In addition to my standard reduction strategies: Prior to oral or genital contact, if I see anything that appears blister-like on or near your mouth or genitals, I’ll avoid contact with the area so keep that in mind when scheduling. This may mean no kissing, no giving or receiving of oral sex, or no sex at all. I will not give you your money back if you show up with a sore and we don’t have sex. I also specifically ask my doctor to order HSV tests with my routine checks as HSV is not on the standard STD panel.
A further transmission reduction strategy I do not employ is taking a daily antiviral medication. This method is used by anyone positive for the infection and helps prevent passing it on to an uninfected partner. Were I ever to contract HSV I would add this to my transmission reduction strategies. Should you find yourself positive for HSV I would take it as a great kindness if you would talk to your doctor about adding this to your daily multivitamin regime.

HPV (warts)
“79 million Americans, most in their late teens and early 20s, are infected with HPV
You can get HPV by having vaginal, anal, or oral sex with someone who has the virus. It is most commonly spread during vaginal or anal sex. HPV can be passed even when an infected person has no signs or symptoms.”

Pay REALLY close attention to this one, guys. It is safe to assume that every single provider you meet has come into contact with HPV and may be positive for one or more strains. You can’t test for HPV the way you can test for other STDs; it shows up on a pap smear as an irregular pap, or as warts, or as cancer. There are so many different strains that it’s simply not practical to find out about and all research is going into vaccines for a few strains.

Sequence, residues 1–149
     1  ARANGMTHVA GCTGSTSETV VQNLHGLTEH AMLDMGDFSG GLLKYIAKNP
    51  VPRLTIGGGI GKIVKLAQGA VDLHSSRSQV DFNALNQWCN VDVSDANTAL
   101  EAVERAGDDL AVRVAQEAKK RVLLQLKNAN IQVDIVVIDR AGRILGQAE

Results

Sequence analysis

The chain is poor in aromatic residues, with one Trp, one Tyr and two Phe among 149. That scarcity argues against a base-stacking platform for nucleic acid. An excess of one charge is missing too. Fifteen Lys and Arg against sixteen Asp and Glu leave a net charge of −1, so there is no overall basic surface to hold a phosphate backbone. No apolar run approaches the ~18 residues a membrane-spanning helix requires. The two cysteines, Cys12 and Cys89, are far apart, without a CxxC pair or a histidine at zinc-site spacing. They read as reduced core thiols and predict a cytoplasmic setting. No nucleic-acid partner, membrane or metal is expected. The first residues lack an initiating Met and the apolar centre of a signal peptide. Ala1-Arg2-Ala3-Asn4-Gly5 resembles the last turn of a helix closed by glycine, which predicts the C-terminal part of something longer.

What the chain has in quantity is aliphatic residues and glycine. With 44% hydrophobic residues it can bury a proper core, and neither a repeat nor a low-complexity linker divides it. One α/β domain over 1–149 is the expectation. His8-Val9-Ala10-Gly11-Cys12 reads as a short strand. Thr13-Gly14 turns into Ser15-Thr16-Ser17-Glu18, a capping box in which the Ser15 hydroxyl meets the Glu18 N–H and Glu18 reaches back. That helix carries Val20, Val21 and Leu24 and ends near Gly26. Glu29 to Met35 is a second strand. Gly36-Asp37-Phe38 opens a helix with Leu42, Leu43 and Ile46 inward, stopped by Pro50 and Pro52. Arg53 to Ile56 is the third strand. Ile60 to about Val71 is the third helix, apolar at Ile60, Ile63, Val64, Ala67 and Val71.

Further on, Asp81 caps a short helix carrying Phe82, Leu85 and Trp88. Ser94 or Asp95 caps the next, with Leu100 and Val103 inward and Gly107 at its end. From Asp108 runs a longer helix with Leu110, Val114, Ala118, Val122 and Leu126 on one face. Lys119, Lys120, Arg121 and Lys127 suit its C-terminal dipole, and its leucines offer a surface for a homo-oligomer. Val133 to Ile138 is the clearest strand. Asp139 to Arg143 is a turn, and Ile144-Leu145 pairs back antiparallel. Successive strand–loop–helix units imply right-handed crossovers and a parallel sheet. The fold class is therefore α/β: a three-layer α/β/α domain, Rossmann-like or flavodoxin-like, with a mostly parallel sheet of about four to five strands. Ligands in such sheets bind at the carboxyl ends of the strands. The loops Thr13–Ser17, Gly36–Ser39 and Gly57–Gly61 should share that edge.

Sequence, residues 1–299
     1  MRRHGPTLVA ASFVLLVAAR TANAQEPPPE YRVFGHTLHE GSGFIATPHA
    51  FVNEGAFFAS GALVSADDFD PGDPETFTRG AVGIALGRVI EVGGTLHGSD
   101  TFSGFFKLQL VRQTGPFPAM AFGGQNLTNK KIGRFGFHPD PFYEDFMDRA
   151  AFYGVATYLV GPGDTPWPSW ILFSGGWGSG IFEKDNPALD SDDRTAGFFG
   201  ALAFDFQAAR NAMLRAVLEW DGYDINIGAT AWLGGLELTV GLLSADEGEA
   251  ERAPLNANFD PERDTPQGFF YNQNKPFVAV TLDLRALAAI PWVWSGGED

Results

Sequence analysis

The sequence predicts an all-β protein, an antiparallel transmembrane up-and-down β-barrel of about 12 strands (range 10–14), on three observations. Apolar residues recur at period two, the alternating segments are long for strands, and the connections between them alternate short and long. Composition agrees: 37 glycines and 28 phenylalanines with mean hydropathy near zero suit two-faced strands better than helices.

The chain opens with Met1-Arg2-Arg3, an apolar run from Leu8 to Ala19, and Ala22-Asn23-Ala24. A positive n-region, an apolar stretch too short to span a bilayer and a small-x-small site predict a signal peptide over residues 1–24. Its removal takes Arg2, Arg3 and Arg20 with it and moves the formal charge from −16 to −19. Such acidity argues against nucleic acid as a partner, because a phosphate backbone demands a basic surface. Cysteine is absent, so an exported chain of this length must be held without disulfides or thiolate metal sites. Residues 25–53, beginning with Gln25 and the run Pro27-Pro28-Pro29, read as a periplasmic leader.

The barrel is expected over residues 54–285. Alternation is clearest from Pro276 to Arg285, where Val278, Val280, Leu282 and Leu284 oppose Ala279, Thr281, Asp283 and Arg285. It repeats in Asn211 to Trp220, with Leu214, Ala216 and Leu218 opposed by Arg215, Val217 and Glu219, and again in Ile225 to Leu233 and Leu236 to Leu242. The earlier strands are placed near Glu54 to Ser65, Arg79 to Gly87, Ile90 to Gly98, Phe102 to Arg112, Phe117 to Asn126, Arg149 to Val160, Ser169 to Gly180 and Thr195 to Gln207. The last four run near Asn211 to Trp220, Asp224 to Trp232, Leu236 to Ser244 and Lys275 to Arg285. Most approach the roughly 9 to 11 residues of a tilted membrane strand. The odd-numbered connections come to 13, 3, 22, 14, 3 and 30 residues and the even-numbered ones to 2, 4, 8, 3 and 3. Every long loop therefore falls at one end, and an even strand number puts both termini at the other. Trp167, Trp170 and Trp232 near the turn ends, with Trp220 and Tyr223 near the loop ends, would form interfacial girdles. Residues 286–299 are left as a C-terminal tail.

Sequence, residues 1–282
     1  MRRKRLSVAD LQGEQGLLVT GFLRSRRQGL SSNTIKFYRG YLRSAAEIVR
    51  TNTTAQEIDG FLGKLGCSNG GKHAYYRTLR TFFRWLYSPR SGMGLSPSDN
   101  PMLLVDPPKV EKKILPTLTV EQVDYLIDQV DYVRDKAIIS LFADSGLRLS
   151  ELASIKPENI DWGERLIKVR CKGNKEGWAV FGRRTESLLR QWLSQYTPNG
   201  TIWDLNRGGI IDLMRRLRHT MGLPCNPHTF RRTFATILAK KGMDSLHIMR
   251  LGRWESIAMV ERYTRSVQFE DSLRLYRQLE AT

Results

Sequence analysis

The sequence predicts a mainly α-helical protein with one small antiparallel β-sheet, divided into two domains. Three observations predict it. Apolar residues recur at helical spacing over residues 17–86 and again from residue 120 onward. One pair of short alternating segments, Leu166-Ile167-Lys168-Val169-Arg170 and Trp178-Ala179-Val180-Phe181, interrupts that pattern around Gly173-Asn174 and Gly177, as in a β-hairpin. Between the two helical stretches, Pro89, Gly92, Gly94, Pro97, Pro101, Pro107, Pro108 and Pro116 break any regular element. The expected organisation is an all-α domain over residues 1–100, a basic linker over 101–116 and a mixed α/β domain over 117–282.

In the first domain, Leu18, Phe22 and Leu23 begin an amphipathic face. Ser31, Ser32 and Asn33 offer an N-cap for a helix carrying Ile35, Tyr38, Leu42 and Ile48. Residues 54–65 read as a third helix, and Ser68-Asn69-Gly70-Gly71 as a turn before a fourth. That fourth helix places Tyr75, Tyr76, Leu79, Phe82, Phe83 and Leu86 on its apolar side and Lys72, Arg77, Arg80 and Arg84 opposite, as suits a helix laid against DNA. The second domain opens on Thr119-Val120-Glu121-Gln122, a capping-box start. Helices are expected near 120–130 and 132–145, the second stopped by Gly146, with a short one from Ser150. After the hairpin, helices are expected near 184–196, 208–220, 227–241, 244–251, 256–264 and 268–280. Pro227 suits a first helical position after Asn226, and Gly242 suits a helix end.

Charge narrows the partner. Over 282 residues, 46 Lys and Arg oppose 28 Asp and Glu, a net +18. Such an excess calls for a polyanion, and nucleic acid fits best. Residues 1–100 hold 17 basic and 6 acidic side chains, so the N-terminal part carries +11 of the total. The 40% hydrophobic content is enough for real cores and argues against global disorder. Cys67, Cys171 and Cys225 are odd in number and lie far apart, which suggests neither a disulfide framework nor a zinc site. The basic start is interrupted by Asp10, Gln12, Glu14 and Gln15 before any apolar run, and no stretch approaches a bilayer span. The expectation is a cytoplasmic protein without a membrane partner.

Gentlemen: if you have daughters and you’d like to protect them from everything from embarrassment to death, please please please get them the vaccine before they are at risk of contracting it. The CDC recommends vaccinating as young as 9 years old, depending on the individual. No one wants to think of their nine year old as at risk for the kind of contact that exposes her to HPV but don’t dwell on it, just do it. This will protect her for her entire life; don’t let your discomfort keep you from protecting her, and don’t wait until you think she’s probably sexually active because, while it’s never too late to get vaccinated against everything we can, vaccines work best when you get them before exposure to the virus. My first likely exposure was around age 15 and I didn’t get the vaccine until 10 years later. Don’t let that happen.
As for you: wash your penis and the surrounding area thoroughly with soap both before and after your appointments This not only makes it nicer for your provider but helps wash off dead skin cells which is where the virus rubs off onto your partner. You’re looking to spend good time with any skin that comes into contact with hers: the base of your penis, balls, the surrounding area, probably inner thighs and up your belly depending on how wet she gets, and obviously your face. Also: If you’re going to manscape, the safest and easiest is not to shave but to trim close with an electric trimmer. I prefer about a half inch of fuzz to act as a cushion. I am extremely sensitive to stubble and razor burn compromises the skin, increasing the potential for transmission so simply be aware. If you cut yourself shaving, wait until it heals over to see anyone.